• Attempt to contact the alleged ‘abuser’ or alleged ‘victim’
  • Talk to any else about the information shared with you
  • Tamper with or move any potential evidence.

Recording

  • Their name
  • Date, time and setting in which the allegation was made or event witnessed
  • Names of others present
  • Record of what was said using individuals own words
  • Their signature and the date
  • A copy of this will be kept by the Safeguarding Officer.

Once the information is passed to WSCC Adult Social Care Services, they will make a decision on whether the Police need to be informed and if there is a need for a full investigation.

Confidentiality

Personal information may need to be disclosed in the best interests of the adult at risk. The following safeguards, therefore, need to be observed:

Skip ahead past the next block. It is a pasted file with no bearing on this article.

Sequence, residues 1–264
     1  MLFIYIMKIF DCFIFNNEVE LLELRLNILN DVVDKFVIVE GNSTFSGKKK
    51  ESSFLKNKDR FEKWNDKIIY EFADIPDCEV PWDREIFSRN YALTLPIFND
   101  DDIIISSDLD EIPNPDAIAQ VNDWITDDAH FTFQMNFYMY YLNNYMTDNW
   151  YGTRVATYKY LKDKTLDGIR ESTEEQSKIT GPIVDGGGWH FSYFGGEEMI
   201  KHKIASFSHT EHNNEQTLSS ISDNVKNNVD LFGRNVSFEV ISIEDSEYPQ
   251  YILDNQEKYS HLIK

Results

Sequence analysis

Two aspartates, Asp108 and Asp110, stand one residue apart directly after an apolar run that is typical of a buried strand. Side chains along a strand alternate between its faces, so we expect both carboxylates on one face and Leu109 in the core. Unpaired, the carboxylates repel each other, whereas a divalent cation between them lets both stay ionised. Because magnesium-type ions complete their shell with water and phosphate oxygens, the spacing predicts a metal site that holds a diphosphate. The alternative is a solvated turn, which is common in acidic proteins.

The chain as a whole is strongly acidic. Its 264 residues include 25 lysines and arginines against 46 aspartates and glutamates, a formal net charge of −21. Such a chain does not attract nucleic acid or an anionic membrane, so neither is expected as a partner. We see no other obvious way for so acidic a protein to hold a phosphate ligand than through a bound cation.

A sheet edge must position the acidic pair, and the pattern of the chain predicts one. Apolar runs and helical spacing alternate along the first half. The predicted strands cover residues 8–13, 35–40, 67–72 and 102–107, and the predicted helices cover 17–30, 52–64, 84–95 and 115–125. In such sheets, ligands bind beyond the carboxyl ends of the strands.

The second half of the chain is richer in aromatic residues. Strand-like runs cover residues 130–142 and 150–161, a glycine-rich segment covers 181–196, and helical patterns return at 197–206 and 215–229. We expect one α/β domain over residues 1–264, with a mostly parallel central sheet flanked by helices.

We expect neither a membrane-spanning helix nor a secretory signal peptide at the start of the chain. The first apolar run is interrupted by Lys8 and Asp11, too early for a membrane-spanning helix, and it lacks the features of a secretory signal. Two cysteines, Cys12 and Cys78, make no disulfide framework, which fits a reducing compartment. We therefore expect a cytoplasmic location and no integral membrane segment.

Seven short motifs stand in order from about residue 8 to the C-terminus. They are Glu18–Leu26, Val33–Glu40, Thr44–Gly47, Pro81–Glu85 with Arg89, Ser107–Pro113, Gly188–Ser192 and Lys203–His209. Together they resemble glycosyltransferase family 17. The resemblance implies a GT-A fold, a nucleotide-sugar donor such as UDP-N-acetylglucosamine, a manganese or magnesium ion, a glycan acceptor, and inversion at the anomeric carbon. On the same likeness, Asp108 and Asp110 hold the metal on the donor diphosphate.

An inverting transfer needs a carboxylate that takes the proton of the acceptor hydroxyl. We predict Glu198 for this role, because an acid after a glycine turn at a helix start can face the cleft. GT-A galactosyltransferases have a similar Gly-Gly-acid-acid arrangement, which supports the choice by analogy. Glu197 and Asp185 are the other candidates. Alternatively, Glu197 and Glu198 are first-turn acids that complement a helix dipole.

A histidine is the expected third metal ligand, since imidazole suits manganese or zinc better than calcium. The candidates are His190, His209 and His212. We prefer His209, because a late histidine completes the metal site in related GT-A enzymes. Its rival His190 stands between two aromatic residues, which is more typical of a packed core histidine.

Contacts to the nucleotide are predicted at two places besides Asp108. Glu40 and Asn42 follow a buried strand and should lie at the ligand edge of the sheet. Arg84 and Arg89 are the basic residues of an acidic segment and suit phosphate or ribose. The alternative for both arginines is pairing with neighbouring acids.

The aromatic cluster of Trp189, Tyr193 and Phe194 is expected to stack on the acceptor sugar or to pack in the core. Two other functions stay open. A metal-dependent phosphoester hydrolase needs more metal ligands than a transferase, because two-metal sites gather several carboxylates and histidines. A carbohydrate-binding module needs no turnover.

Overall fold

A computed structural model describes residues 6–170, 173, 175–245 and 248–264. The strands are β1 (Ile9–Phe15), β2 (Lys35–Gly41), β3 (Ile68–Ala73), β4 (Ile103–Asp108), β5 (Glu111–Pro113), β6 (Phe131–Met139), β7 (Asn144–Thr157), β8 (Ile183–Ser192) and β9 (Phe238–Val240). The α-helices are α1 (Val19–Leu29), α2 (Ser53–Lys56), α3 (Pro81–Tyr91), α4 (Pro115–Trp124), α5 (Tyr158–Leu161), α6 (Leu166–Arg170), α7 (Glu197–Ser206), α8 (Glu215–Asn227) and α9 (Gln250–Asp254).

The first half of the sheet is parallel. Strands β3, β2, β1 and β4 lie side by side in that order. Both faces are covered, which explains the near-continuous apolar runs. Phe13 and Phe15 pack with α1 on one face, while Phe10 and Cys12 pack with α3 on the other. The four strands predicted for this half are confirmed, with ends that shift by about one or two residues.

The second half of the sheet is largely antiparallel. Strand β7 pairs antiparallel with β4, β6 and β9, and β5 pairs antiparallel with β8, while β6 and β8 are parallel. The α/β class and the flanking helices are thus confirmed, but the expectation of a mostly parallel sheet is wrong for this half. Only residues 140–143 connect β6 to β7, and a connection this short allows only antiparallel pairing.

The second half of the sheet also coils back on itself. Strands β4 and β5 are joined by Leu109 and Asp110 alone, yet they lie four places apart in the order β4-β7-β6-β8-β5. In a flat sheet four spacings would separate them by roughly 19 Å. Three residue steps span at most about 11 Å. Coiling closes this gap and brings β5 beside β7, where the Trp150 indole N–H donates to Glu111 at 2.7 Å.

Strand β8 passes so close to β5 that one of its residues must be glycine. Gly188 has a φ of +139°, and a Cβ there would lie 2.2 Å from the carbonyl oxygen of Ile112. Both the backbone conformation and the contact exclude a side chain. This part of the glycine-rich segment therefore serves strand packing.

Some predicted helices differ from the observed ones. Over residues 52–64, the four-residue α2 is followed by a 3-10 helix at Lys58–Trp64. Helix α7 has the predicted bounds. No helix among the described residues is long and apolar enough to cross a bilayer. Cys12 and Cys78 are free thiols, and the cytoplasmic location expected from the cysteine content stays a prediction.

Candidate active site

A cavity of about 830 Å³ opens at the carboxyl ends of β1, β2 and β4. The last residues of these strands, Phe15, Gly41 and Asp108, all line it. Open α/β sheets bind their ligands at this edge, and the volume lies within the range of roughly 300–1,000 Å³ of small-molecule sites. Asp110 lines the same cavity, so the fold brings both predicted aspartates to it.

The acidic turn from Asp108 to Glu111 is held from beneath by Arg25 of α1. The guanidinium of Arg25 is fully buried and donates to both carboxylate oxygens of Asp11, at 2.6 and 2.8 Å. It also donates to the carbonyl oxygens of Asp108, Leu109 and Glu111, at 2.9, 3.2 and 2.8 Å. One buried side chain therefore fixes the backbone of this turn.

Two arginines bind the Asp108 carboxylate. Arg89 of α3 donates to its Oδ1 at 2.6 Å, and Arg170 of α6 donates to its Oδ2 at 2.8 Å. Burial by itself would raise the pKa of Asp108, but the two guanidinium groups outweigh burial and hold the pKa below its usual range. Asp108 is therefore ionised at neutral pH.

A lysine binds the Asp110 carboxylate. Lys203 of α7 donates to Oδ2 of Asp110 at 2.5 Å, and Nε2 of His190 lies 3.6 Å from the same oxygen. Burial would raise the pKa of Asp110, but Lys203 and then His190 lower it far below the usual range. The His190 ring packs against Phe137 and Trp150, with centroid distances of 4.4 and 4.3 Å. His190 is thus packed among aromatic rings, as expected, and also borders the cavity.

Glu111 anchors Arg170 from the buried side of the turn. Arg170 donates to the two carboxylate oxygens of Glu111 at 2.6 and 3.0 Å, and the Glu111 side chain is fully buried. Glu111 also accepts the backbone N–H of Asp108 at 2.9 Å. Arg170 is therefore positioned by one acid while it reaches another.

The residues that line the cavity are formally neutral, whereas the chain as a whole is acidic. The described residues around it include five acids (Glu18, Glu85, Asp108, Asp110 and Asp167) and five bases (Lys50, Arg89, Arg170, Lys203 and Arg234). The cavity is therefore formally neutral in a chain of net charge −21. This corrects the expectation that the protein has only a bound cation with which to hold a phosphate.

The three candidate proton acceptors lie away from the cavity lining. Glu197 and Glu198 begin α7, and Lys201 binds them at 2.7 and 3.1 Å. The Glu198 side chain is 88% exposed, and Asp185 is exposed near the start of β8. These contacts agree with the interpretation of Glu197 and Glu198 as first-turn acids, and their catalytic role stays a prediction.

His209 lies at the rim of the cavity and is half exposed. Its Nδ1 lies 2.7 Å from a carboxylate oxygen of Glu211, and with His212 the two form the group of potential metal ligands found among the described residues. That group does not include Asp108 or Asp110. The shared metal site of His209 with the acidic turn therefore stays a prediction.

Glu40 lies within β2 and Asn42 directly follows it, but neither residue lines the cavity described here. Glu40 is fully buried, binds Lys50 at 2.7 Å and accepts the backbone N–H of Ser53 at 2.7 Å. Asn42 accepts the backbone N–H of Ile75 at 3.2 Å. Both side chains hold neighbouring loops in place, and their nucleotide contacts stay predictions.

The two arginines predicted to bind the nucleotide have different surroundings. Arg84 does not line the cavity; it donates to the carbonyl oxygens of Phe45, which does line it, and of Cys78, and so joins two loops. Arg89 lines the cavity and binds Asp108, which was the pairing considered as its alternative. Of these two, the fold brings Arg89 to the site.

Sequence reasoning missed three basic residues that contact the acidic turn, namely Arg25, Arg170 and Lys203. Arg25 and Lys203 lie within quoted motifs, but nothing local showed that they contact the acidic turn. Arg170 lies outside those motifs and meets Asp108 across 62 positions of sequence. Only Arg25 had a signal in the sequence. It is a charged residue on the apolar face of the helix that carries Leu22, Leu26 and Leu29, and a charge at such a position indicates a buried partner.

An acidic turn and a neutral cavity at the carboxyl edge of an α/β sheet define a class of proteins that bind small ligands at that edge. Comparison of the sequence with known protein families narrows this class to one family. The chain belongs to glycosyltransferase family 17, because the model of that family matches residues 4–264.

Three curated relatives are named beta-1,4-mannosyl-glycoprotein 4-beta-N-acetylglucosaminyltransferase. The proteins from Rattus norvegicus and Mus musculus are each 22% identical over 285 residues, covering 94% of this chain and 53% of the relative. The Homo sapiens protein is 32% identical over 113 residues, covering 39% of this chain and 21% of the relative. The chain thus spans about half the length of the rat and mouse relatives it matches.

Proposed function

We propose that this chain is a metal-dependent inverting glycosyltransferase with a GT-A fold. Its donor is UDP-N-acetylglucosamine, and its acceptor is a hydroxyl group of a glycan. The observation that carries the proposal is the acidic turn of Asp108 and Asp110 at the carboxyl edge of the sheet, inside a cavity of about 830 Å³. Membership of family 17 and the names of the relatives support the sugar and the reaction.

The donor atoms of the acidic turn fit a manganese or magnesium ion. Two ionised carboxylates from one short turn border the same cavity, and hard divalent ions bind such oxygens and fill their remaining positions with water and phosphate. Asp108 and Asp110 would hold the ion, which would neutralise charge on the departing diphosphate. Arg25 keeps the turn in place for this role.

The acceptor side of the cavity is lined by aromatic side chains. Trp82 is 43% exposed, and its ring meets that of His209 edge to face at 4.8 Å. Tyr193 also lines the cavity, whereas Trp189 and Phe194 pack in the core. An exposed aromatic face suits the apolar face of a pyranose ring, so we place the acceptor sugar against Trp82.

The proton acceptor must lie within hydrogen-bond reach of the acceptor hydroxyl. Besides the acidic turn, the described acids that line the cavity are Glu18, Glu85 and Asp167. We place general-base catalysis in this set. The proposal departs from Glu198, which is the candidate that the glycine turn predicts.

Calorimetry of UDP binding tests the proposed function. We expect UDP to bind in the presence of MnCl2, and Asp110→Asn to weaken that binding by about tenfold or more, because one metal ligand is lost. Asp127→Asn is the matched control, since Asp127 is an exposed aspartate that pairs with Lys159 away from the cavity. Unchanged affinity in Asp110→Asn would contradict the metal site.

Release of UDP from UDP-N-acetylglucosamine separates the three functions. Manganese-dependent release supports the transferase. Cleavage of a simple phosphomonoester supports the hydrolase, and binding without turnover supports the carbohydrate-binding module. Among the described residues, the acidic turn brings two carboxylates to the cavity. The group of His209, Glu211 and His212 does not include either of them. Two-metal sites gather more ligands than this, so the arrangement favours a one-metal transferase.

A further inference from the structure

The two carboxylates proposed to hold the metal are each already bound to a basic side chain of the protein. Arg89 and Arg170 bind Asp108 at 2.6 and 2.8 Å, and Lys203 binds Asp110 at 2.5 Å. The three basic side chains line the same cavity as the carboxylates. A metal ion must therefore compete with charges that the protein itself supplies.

Information will only be shared on a need to know basis when it is in the best interests of the adult at risk

Informed consent should be obtained wherever possible

It is inappropriate for volunteers to give assurances of absolute confidentiality in cases where there are concerns about abuse

Adults at risk and their carers should be advised why, and with whom, information will be shared.

Policy Review

This policy will be reviewed at the first meeting of the incoming Management Committee each year. It will also be reviewed in response to changes in relevant legislation, contractual arrangements, good practice or in response to an identified failing in its effectiveness.

Date adopted and approved by the SNN Management Committee.

5th September 2016